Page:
Tegan McNicholas revels in the energetic comedy of KEITH.’s returning fringe show, KEVIN.
Andrew Cowburn, Mungo Russell and Barney Mercer make up KEITH., Durham’s newest comedy sketch troupe. They bring their returning show KEVIN. from the Edinburgh Fringe Festival to the studio of the Gala Theatre for two nights in October, breaking up the monotony of Michaelmas term with some much-needed laughter. These boys are undeniably funny. Although the humour was rather niche at times, the cast’s enthusiasm and evident love of performance was uplifting. The huge variety and sheer number of sketches ensured everyone had at least a couple of personal favourites.
The comedy of the individual sketches was hugely varied with many a memorable piece. A personal favourite was a depiction of the reunion between two graduates of Year Four Recorder Class; a happily married husband and a ‘professional piper’, more commonly known as ‘The Pied Piper’. The sketch was so successful due to its creative reimagining of the relatable awkwardness of conversations with a former classmate combined with the absurdity of the Pied Piper’s descriptions of his employment. The dialogue was well-delivered with excellent comedic timing, a stand-out due to other sketches often seeming rushed with throw-away punchlines. An example of this was their much-repeated James Bond sketch; having spent so long setting it up, it was a shame that the punchline was quite so hasty and hard to make out.
KEITH. advertise that ‘nothing is off limits’ in their productions, and this was certainly true for KEVIN. The audience were often fairly shocked by the explicit nature of the comedy, which occasionally lost some of its humour due to such overt explanation. The Persil Commercial, for example, was hilarious, yet the racial insensitivity of the character depicted need not have been made so explicit; it would have been more effective had the sketch ended without this explanation. All that is needed would be consultation with an impartial editor – the length of the pieces could likely have been edited for better audience reception.
The show would likely have better suited a smaller venue, as the Studio at the Gala Theatre did not provide the intimate relationship between audience and performers that the production would have thrived on. Although the bar provided an informal atmosphere before the play began, the size of the Studio and lack of raked seating meant that the visuals of the actors’ facial expressions and physicality were lost to those sitting behind the first couple of rows due to reduced visibility. The company might have done well to adapt the staging to the space, perhaps reducing the number of sketches featuring chairs, or moving the action further upstage. However, the performers did well to engage the audience despite a difficult space; the energy of the introductory rap was contagious enough to rouse even the final row, regardless of whether the lyrics were a little drowned by the accompanying music. Nevertheless, the transition music used throughout the show was near-flawless, perfectly timed and with hilarious links to the scenes. Overall, the sound and lighting production was slick and professional.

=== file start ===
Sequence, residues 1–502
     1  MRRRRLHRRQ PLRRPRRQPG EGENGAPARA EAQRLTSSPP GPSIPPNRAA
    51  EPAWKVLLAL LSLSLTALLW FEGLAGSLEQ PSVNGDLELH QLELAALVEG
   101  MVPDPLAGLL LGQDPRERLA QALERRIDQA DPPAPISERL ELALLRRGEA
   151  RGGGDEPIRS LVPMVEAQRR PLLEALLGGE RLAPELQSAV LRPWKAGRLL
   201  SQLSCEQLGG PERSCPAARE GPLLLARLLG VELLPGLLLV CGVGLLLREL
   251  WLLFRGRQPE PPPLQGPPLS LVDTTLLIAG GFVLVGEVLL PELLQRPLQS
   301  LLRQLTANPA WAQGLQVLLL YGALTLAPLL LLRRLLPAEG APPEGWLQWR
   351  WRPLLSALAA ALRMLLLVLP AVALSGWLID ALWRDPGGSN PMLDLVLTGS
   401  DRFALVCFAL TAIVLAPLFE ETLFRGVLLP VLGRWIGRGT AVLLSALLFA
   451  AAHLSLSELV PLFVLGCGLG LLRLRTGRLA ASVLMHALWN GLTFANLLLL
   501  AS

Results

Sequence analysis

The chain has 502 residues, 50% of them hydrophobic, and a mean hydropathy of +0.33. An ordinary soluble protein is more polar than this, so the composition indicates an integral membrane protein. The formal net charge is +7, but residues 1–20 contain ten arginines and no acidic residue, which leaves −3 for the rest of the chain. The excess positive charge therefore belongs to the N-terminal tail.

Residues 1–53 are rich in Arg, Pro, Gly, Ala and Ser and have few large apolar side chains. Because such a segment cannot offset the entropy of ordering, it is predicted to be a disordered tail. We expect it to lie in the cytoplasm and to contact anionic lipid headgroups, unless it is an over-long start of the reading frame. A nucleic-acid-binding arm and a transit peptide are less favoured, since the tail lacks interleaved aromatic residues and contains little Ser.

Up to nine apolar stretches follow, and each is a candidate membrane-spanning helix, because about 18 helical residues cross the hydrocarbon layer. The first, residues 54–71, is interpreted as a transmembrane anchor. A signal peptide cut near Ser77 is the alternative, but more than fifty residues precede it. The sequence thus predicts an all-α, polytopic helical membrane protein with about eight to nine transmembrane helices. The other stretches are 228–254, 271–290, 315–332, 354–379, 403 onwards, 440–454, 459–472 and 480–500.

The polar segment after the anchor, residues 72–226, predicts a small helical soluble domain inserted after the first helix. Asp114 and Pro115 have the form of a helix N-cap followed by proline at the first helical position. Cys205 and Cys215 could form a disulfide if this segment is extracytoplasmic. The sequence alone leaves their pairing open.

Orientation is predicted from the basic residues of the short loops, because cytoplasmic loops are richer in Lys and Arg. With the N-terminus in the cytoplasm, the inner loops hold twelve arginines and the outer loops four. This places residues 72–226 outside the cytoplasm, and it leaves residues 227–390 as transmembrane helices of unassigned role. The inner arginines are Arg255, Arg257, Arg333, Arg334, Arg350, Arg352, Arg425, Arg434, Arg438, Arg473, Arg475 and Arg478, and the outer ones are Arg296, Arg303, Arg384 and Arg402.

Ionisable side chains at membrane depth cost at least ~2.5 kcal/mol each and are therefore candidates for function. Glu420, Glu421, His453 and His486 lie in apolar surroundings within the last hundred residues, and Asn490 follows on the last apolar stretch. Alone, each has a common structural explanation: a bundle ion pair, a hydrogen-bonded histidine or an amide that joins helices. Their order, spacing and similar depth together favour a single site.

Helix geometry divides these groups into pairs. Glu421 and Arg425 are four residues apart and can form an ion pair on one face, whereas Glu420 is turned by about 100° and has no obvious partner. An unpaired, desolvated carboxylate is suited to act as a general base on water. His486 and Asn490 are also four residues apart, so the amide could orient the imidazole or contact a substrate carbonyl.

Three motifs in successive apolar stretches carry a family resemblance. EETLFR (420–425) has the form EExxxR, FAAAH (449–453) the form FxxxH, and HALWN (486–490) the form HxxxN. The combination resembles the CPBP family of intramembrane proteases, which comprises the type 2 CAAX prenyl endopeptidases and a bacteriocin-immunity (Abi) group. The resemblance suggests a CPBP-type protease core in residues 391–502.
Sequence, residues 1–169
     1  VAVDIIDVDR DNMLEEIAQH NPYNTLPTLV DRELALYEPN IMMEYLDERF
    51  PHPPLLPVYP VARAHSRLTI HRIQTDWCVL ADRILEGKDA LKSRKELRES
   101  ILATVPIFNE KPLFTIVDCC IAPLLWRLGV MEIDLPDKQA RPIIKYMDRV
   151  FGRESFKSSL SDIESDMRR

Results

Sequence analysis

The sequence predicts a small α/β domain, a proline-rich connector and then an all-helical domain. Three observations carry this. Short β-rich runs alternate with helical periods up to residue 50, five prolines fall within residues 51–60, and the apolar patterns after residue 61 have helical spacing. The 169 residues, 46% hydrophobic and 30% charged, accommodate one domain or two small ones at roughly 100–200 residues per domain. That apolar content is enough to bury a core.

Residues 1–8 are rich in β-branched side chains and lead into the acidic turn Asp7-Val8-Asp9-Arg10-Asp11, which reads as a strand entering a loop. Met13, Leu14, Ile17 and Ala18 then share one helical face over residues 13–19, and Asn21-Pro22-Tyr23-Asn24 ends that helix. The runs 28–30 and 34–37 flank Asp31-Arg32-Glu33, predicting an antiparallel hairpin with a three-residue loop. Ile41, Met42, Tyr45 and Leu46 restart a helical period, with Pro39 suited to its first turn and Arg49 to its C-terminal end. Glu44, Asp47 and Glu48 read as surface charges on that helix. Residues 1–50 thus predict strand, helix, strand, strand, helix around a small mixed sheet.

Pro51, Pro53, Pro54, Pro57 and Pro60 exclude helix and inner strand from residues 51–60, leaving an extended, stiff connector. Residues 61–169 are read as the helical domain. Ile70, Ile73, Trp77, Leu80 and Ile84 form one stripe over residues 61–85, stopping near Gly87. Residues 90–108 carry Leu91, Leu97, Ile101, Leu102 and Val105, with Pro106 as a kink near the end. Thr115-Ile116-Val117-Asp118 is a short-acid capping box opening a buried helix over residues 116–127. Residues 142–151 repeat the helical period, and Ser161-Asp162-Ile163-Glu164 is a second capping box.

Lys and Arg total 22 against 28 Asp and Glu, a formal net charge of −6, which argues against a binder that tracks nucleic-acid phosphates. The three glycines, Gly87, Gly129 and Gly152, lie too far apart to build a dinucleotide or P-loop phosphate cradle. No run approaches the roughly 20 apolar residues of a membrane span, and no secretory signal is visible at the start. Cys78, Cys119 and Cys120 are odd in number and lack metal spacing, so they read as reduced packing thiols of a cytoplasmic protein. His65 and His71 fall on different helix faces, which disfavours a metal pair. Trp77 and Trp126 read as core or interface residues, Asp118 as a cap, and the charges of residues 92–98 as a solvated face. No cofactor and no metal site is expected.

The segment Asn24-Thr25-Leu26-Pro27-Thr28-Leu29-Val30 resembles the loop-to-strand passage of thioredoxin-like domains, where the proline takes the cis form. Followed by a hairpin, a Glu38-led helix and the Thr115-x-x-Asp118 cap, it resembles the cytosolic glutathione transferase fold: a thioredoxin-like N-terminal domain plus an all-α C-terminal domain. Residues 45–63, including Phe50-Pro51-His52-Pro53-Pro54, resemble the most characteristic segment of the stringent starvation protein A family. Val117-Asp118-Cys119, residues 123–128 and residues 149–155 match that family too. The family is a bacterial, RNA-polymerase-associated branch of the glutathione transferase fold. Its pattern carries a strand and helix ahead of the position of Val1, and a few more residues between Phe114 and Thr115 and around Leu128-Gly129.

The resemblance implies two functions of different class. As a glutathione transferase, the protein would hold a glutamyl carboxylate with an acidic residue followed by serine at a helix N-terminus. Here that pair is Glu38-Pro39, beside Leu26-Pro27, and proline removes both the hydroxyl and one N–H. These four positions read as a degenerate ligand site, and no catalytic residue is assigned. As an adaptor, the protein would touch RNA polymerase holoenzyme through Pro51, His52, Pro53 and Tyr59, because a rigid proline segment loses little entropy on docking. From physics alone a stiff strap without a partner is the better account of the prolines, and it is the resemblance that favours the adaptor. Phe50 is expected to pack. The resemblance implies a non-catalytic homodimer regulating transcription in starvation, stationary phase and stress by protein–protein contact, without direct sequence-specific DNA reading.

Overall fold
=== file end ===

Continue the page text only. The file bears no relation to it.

The performers themselves did well in their numerous roles, with specific characterisation through both physicality and voice clearly a strength of all three. Mungo Russell’s use of voice, particularly in his role as Scooby Doo, was especially entertaining and refreshing given the continuous role-switching of the cast. I would have liked to see the boys’ own personalities shine through in the show as it is clear from hilarious moments of improvisation that the cast are comically adept. Although the raps in which they played themselves seemed a little too rehearsed and staged, the cast worked effectively as a cohesive unit, clearly enjoying themselves which helped to enthuse and uplift the audience.
Overall, I commend the troupe for their originality and recommend the play as piece of light-hearted entertainment, yet the humour should certainly not be taken too seriously for fear of offence. Limited to two nights, KEVIN. was an exciting arrival on Durham’s comedy scene, and I look forward to seeing how KEITH.’s writing and performance will develop in the future.
KEITH. presents KEVIN. will be playing in the Gala Studio at 7:30pm on the 27th October.
Photographs: Sam Harrison Photography